Results from these investigations suggest that these mechanisms can make digital transactions privacy-friendly and secure while at the same time delivering convenience and usability for ordinary users.

Place, publisher, year, edition, pages
Karlstad: Karlstads universitet, 2012. , 57 p.
Series
Karlstad University Studies, ISSN 1403-8099 ; 2012:45
Keyword [en]
Privacy-Enhancing Technologies, usability, usable privacy, mental models, mobile devices, security, digital transactions, e-commerce, User Interfaces
National Category
Information Systems Human Computer Interaction Computer Sciences
Research subject
Information Systems
Identifiers
URN: urn:nbn:se:kau:diva-14832ISBN: 978-91-7063-452-9 (print)OAI: oai:DiVA.org:kau-14832DiVA: diva2:553100
Supervisors
Available from: 2012-11-14 Created: 2012-09-18 Last updated: 2018-01-12Bibliographically approved
List of papers
1. HCI for Policy Display and Administration
Open this publication in new window or tab >>HCI for Policy Display and Administration
2011 (English)In: Privacy and Identity Management for Life / [ed] Jan Camenish, Simone Fischer-Hübner and Kai Rannenberg, Berlin: Springer Berlin/Heidelberg, 2011, 1, 261-277 p.Chapter in book (Refereed)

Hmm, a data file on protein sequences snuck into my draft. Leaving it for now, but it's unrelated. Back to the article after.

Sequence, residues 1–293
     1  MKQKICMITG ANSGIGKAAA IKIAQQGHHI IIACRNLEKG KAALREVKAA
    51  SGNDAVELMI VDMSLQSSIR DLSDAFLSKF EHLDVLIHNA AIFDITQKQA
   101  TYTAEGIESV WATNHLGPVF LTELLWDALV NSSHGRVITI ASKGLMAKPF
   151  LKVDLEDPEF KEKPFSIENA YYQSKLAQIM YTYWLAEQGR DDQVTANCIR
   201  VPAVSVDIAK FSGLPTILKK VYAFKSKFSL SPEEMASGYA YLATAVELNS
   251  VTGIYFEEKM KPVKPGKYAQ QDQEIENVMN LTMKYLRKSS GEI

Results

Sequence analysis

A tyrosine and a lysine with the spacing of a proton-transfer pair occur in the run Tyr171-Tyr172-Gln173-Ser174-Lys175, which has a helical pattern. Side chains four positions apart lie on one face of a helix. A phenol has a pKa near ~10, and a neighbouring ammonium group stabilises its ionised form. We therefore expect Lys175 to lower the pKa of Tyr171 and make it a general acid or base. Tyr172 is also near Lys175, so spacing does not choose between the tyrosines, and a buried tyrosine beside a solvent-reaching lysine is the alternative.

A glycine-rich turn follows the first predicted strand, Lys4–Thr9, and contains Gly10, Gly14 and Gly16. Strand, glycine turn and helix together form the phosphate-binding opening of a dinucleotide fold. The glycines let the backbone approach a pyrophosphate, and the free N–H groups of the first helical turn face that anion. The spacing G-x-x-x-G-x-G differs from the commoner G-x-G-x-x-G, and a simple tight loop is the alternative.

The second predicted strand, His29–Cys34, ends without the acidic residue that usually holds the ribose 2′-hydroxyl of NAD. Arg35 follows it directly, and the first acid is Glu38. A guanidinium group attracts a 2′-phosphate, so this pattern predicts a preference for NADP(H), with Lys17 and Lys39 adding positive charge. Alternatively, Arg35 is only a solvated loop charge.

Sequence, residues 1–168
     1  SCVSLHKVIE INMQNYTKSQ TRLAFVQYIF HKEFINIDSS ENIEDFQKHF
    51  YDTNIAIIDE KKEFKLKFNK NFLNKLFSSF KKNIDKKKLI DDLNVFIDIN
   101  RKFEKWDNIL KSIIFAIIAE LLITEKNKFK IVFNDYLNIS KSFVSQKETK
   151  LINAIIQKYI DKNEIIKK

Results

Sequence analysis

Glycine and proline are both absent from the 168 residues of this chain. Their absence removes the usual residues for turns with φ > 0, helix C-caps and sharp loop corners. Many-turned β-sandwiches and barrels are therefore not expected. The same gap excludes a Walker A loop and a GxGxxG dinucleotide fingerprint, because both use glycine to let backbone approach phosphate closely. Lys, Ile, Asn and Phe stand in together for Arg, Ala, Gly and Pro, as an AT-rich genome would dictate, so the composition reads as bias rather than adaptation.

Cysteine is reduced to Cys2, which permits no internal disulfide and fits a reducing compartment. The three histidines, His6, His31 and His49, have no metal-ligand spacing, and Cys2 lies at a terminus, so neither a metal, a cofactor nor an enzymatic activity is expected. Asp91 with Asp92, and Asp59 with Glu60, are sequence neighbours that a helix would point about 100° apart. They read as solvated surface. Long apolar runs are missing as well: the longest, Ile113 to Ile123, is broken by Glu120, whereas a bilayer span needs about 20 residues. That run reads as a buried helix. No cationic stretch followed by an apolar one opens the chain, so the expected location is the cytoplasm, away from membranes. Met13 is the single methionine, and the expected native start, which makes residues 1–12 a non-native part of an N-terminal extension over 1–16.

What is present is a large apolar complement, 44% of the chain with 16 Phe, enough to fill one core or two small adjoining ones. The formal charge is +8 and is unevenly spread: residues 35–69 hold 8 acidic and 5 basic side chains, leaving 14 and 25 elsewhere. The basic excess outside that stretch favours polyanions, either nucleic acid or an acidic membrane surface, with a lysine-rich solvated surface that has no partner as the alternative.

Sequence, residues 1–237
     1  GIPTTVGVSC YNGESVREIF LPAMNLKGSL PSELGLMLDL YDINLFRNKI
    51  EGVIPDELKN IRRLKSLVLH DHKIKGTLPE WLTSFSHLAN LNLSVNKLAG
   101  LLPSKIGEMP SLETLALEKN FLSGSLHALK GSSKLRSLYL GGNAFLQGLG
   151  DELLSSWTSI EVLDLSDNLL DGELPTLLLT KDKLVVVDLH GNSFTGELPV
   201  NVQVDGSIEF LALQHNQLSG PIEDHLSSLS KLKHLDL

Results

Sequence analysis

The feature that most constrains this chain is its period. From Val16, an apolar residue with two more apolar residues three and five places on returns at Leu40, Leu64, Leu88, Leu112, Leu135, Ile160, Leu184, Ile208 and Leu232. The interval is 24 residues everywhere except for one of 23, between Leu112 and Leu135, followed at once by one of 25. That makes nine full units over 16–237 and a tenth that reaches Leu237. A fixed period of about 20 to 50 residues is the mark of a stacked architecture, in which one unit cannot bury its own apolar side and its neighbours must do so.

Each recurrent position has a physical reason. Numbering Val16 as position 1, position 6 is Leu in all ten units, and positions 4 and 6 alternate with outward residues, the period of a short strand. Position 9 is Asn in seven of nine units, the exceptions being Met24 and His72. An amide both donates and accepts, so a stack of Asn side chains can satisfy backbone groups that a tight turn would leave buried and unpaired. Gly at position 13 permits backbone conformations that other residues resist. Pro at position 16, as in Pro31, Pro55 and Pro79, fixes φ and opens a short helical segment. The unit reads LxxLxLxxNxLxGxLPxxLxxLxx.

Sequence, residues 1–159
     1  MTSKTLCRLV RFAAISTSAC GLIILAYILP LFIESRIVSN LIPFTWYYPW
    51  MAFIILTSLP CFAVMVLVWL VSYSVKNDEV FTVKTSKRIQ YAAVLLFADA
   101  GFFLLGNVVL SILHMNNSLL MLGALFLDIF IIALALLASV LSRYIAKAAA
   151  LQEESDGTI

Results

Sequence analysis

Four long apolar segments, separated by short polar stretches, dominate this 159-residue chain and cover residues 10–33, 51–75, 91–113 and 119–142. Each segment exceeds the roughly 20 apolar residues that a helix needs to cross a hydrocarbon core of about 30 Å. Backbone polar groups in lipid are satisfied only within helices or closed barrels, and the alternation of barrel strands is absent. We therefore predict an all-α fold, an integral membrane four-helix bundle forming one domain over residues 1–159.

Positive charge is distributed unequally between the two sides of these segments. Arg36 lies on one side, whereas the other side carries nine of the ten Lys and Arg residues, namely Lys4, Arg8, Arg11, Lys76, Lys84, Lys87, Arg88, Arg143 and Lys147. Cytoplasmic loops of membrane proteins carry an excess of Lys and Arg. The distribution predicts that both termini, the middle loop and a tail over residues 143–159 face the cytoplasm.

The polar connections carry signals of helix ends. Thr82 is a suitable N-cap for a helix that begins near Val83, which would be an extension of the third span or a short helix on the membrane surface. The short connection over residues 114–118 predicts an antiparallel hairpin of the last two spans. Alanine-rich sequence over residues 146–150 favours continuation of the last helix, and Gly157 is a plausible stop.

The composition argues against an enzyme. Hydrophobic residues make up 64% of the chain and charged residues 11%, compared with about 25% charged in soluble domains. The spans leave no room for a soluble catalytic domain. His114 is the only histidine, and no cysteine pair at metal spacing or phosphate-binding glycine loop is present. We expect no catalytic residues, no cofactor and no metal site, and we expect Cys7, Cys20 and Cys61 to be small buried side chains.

Abstract [en]

The PrimeLife Policy Language (PPL) has the objective of helping end users make the data handling practices of data controllers more transparent, allowing them to make well-informed decisions about the release of personal data in exchange for services. In this chapter, we present our work on user interfaces for the PPL policy engine, which aims at displaying the core elements of a data controller's privacy policy in an easily understandable way as well as displaying how far it corresponds with the user's privacy preferences. We also show how privacy preference management can be simplified for end users.

Place, publisher, year, edition, pages
Berlin: Springer Berlin/Heidelberg, 2011 Edition: 1